Politics & Economics

Is Von der Leyen on the hunt for a second mandate already on July the 18th?

July 2024
By Editorial Staff

It just took an informal dinner and a one-day-long European Council meeting to find a broad-based agreement on the so-called EU “top jobs”. Almost all 27 EU heads of State and government endorsed the list of names submitted by the six leaders who negotiated on behalf of the three political groups who supported the first mandate of Ursula von der Leyen as president of the European Commission and obtained some 400 seats in the last elections.

The outgoing president of the European Council Charles Michel posted on X at midnight the triad of names backed by the leaders. Von der Leyen is designated to lead the for a further five years the college of commissioners. Former Portugues prime minister, Antonio Costa, is set to succeed Belgium’s Charles Michel. The name of the current Estonian prime minister Kaja Kallas has been proposed for the post of high representative for Foreign Affairs and Security Policy.

The three of them represent the first attempt of the pro-European moderate parties- the European People’s Party, the Party of European Socialists and the Alliance for Liberals and Democrats – to carve up the main top jobs at the EU level.

While Hungarian Prime Minister Viktor Orban’s objection was not a surprise given his political isolation, Italy’s Meloni abstention on von der Leyen designation leaves room for perplexities due to a possible lack of consideration for one of the big three founding countries. The trio proposed for the summit was claimed by Meloni to be “wrong in method and substance”. “I decided not to support it out of respect for the citizens and the indications that came from those citizens in the elections”, Meloni said to journalists on the margins of the meeting. “Let us continue working to give Italy the weight it deserves in Europe finally”, she added.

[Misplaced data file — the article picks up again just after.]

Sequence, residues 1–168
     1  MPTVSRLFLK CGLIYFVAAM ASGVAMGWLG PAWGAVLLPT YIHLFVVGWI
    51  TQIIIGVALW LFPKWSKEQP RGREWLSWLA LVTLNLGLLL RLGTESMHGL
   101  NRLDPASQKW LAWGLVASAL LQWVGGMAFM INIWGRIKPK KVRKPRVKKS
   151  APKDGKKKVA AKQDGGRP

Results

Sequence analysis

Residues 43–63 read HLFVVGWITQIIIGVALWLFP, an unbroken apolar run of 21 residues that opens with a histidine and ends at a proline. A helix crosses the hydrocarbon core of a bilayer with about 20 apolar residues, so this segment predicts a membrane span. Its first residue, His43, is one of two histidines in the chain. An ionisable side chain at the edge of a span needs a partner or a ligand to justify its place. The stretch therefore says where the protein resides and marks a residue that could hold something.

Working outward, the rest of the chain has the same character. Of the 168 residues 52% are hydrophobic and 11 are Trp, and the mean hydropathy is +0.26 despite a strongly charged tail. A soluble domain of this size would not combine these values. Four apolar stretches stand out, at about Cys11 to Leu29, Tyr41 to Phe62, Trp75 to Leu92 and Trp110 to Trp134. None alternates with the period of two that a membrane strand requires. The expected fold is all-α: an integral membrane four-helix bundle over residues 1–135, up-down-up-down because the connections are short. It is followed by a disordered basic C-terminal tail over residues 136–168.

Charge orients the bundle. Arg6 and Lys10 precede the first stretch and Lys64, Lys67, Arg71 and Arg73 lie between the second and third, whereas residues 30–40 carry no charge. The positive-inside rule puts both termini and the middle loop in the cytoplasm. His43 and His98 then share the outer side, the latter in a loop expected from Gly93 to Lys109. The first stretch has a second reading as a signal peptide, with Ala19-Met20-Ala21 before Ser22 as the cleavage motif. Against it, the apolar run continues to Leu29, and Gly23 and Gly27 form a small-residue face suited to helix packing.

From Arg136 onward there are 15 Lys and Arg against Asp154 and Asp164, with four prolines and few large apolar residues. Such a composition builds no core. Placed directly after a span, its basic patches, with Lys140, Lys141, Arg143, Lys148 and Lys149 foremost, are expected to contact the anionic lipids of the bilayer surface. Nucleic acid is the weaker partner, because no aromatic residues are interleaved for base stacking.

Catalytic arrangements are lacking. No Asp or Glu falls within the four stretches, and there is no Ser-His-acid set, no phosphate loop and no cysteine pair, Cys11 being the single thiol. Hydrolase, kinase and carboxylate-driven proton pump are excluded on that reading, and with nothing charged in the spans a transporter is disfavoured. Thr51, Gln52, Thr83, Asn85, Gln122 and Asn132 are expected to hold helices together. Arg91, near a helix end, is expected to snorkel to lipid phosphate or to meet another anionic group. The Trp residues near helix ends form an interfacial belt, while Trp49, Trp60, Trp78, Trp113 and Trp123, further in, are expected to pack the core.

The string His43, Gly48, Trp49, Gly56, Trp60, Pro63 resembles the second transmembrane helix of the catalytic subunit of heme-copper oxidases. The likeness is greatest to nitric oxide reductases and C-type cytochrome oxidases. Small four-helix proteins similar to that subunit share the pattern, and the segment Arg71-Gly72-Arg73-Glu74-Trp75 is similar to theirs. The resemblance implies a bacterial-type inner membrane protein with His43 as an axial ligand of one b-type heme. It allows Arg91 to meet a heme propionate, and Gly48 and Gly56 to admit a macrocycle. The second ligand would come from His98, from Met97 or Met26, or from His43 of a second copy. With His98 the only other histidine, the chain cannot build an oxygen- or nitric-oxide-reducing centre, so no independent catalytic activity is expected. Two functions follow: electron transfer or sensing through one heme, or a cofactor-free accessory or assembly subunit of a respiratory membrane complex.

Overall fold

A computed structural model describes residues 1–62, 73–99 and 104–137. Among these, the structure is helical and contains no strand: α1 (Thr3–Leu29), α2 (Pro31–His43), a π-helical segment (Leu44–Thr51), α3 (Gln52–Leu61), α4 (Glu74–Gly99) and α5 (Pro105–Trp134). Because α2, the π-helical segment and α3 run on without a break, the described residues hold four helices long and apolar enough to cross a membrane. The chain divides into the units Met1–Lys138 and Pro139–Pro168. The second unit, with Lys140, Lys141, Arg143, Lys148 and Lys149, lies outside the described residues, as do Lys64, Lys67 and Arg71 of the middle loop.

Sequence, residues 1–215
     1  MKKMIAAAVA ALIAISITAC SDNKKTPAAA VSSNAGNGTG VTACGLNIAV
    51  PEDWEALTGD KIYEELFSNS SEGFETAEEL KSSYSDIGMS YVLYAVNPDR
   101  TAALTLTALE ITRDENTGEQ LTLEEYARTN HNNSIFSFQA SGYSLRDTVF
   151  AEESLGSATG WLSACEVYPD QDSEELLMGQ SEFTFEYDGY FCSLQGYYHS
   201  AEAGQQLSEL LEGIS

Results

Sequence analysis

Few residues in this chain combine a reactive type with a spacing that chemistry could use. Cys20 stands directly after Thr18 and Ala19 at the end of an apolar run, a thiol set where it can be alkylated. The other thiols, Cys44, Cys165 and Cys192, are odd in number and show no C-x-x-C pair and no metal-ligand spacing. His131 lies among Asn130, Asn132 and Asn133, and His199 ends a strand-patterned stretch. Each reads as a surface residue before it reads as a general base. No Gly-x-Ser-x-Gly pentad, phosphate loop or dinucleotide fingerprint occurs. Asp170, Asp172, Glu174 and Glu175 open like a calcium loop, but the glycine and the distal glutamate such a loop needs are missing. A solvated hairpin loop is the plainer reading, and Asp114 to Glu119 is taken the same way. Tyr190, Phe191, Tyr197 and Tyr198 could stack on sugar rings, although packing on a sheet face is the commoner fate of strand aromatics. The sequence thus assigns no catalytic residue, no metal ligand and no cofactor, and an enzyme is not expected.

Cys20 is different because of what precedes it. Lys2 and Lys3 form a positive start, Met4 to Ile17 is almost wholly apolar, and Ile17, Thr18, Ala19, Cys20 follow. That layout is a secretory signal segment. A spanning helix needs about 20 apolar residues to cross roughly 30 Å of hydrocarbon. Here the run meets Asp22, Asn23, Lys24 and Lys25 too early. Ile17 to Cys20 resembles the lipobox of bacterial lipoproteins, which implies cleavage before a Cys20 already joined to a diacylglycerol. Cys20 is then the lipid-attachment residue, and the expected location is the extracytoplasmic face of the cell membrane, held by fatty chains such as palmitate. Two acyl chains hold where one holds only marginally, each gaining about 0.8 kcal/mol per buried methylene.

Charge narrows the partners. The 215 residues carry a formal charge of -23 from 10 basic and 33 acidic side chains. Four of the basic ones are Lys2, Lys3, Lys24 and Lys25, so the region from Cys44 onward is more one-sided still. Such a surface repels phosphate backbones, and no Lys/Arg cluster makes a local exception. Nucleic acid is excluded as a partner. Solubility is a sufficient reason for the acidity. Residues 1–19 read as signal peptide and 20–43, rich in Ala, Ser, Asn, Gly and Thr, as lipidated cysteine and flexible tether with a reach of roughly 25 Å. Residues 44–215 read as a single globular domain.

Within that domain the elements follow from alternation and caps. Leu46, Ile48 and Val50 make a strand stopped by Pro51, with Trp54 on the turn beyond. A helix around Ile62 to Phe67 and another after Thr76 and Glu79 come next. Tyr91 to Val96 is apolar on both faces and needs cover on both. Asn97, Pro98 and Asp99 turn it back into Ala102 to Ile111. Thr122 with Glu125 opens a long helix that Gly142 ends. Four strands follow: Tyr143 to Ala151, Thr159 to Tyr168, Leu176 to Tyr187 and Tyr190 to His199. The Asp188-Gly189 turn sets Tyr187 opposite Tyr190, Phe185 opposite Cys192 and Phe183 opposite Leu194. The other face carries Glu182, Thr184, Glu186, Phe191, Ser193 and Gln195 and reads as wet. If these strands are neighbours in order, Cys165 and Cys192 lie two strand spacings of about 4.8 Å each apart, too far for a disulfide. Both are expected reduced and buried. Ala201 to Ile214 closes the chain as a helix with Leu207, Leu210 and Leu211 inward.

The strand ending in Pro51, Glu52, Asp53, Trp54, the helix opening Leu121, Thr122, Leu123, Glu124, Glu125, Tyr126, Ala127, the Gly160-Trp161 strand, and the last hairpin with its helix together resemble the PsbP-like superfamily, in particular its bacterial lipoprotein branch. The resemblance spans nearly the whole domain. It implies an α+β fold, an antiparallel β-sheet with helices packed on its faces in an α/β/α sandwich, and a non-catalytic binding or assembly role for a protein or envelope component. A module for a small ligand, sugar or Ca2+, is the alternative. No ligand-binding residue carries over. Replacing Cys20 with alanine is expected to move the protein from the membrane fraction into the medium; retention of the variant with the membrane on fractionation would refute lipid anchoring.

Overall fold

Dutch Prime Minister Mark Rutte, a liberal, European Council veteran and the newly appointed next Secretary General of NATO, urged not to overdramatize Meloni’s stance.

“I think things will work out,” he said. “Meloni was annoyed that she was not involved, which was not possible because she is not a member of the three central parties. But she is the prime minister of Italy and is highly respected”, Rutte added. He pointed out that during the European Council meeting “Meloni expressed her ideas about how this process with total clarity, but the close personal ties we have remain”. After all, he recalled, “last time, in 2019, we did not agree unanimously on top jobs,” as Angela Merkel had to abstain on von der Leyen. It’s a little different this time, but “it’s not strange: it happens,” Rutte noted.

According to German daily FAZ Ursula von der Leyen will negotiate directly with Italian Premier Giorgia Meloni to decide which portfolio will be reserved for Italy in the next European Commission. The vote to give the green light to grant to Ursula von der Leyen a 5-year-long second mandate is likely to be tabled for July the 18th. After a first meeting with Antonio Costa and Kaja Kallas, von der Leyen posted on X and wrote “I know that the three of us can make such a great team”.